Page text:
I have owned at least 10 different wirehairs raised to adulthood. I love the breed and wouldn't hunt with any other. I live in Oklahoma and it gets almost as hot here as in Texas. My first hunt of the season was almost 100 degrees for dove. Last season I used a different dog for doves and it was at or over 100 degrees. They both did a good job retrieving doves. You have to use your brains when hunting with a dog in that kind of heat. Keep the dog in the shad if possible and bring water. I also took them for a swim at midday. Same when quail hunting in heat. Use some common sense and you will be okay. Hunt primarily in early morning and late afternoon when quail are the most active anyway. I am really convinced that they are the best breed available for the species you have mentioned. The little green book used by NAVHDA can assist you in training. It also has a section in it for blood tracking wounded big game. I have also read of people using their wirehairs for tracking pigs or javelina on leash. I start my pups by introducing them to the wing on a string just to demonstrate their pointing instinct. They will usually point the wing at a very early age. Just praise and pet them while they point the wing. Don't let them catch it. You can also start them retrieving at a very early age. Just work them in a confined area, like a hallway where they will be forced to run by you when the grab the thrown object. They have strong instinct to carry and will chase and carry a ball or socks at a very early age. Just praise them when they bring it to you and have them gently release it from their mouth. Don't play tug of war. I also like to have them carry around dead birds when they are very young to let them get used to carrying birds and prevent hard mouth. When they are old enough to run around take them to the field and let them run around as often as possible. I take them everyday until they learn how to hunt. You can also start working on the way they pattern in the field and cooperation. Just let a wirehair have their head. They have an instinct to stay in touch with their owner and it is unsual for them to range to far and get out of touch with their trainer. They are by nature a cooperative breed. At a few months old I also like to buy some quail and let them chase them around the yard to build up bird desire. But don't get carried away. It won't hurt if they catch a poor flying bird once or twice when they are young to fire them up but be careful. If they learn they can catch birds they will not want to point them. They need to learn on wild birds if possible and they need months of chasing wild birds and rabbits to learn that they can't catch them. Any kind of wild birds you can get them in. Then they will start to point in the field on their own. You can go up to them and praise and pet them just like you did with the wing. I introduce the gun while they are young and running in the field chasing a bird. I shoot a 22 blank pistol once at a distance while they are chasing observing their reaction making sure it doesn't bother them. When they love retrieving I will also take a dummy and get about 200 of so feet away from them and throw the dummy in the air and shoot the blank. They like retrieving so much that they soon associate the shot with retrieving the dummy and don't mind it. Then over time I close the distance to the dog until you can shoot the gun right beside them while throwing the dummy. I introduce them to the water a little at a time. First by trying to get them to swim with you, when the water is warm. You can also throw the dummy into the water where they can walk out and get it at first. Over a few days you increase the distance until they have to swim a little bit to get it. Some will refuse to swim. I will take them in carrying them on my side and until they have to swim just a couple of feet. I slowly lower them in the water while holding on praising them as they swim to shore. After a few days of this slowly increasing the swimming distance they will usually go out and retrieve the dummy thrown where they will have to swim a couple of feet. You have to pick your dog very carefully for duck hunting from a breeder that duck hunts. I have had wirehairs that quit on me when the water got icy. But the best ones will go duck hunting in any weather. I use a neoprene vest when duck hunting. It keeps them warmer, protects them from sharp sticks and provides more bouyancy for swimming. I work on their tracking skills with a duck. I don't want them to get in the habit of catching birds, not good for their pointing, so I tie some surveying flagging to one leg then release the duck. At the end of the track I put the duck into a dog carrier and hide it in the brush. The dogs love this and will quickly track to the duck. I then praise the dog and carry the duck to the truck and put it away. When the dog is pointing birds for a while in the field I then teach them to whoa. Once they are good on whoa I put out a pigeon in a spring loaded pigeon thrower. I bring the dog in on a 20 to 30 foot long checkchord and as soon as they point I tell them to whoa. I pet them and praise them for holding point. I then hold the checkchord while I spring the trap making them stand there while the bird flies away. I then move them on to the next bird or put them up. Get the book "the best way to train your gun dog". It has a good section on whoa training and how to teach a dog to hold point. I also force train my dogs after they are about 1 or 2 years old for more advance retrieving training. The little green book will tell you how to do this. I use the ear pinch. For tougher dogs I use the ear pinch on the metal clasp on the collar. You have to follow it through to the end so don't start unless you are prepared to carry it through. When you are finished the dog will happily retrieve on command not just a desire to on their own. Every time I put my pup in the dog carrier I say kennel. Over time they will learn to kennel on their own. I also say here when they come to me and teach here when they are no the leash or checkchord while pulling them to you. Over time they will respond when you call them in. Don't chase the dog. I keep my dogs outside in a chainlink kennel. I let them out to run in a fenced yard in the morning and in the evening. They can't be put in a kennel and ignored like a pointer. They have to have daily exercise and human contact. They also have to be well socialized with other dogs and people while they are young. They are a protective breed and need to get to know lots of people when they are young so they don't become overly protective. They also need early exposure to other dogs to learn how to get along. Keeping a dog inside with you won't hurt their hunting ablility at all.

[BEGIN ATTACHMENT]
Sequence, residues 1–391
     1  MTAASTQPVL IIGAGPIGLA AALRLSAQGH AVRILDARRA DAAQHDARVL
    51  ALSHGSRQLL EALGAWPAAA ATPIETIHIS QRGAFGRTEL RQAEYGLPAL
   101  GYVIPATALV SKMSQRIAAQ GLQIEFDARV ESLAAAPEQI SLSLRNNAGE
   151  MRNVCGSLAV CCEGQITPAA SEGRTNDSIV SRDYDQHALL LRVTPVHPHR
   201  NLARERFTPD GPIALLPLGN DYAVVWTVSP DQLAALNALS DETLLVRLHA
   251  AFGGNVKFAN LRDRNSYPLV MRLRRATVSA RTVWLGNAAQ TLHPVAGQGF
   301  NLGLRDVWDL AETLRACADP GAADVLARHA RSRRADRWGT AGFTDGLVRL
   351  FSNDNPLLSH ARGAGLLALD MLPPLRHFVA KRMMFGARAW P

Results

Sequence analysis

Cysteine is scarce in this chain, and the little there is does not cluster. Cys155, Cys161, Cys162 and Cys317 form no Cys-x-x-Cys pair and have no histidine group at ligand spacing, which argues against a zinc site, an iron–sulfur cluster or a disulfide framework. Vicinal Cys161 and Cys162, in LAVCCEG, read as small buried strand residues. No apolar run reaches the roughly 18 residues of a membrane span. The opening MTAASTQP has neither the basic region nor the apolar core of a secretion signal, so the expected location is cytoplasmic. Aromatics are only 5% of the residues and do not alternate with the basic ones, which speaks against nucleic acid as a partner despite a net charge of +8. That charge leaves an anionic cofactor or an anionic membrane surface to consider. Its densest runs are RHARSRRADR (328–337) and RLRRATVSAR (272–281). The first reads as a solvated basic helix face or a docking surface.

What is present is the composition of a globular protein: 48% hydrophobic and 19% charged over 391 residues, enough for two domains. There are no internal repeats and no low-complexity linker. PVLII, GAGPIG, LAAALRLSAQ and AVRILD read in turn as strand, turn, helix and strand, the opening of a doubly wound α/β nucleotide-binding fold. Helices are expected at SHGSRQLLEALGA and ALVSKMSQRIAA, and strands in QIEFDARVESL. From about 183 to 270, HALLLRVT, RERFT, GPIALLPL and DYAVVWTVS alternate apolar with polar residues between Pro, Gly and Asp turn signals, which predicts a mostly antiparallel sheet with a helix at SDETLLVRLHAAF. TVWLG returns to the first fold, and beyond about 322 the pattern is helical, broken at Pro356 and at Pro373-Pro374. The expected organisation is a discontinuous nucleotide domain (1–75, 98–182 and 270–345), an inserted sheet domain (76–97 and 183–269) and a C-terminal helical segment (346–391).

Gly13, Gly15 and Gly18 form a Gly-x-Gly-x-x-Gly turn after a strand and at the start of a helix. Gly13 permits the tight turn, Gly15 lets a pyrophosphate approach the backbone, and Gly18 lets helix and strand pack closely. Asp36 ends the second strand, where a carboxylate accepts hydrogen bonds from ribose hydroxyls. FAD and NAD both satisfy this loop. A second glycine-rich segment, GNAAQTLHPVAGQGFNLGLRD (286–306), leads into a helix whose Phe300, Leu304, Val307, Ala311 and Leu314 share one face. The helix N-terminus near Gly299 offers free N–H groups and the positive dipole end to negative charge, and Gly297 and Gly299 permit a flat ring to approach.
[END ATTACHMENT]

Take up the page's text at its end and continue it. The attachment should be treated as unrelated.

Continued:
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Illona
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Joined: 08 Nov 2002
Posts: 106
Location: Waterloo, Ontario, Canada

PostPosted: 04/16/03, 1:58 pm    Post subject: Reply with quote

Mike,
I understand your desire to have a dog and to hunt with him. But as someone who's been through university herself, and knowing the amount of work and time it takes, are you really ready for the huge amount of energy required in raising a GWP, let alone train it? Can you not wait until you finish college?

I'm speaking from the heart here, and don't want to piss anyone off, especially you, but as someone who has always taken in rescues, and someone who really has come to understand and know GWPs needs as far as exercise and training, I can't imagine being in school and raising one of these wonderful dogs at the same time. I just can't. They take a LOT of work, Mike, and require a lot of one-on-one time with you if you want a mannered companion and hunting partner.

Not saying that this would be the case, but I'd hate to see yet another GWP in rescue because someone jumped the gun (no pun intended). For the sake of these lovely dogs, please evaluate your situation very carefully and objectively before getting a pup or a dog.

Thanks
Illona